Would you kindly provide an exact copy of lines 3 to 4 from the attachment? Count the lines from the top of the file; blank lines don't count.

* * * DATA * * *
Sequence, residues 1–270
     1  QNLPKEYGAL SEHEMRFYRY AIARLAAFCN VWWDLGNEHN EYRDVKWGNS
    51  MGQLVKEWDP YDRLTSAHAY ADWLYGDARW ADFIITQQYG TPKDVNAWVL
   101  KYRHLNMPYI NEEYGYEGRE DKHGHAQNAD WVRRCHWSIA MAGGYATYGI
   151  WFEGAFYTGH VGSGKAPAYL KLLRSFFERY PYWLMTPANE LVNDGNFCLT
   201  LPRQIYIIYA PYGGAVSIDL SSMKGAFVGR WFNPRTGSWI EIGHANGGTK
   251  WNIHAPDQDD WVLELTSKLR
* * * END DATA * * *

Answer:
    51  MGQLVKEWDP YDRLTSAHAY ADWLYGDARW ADFIITQQYG TPKDVNAWVL
   101  KYRHLNMPYI NEEYGYEGRE DKHGHAQNAD WVRRCHWSIA MAGGYATYGI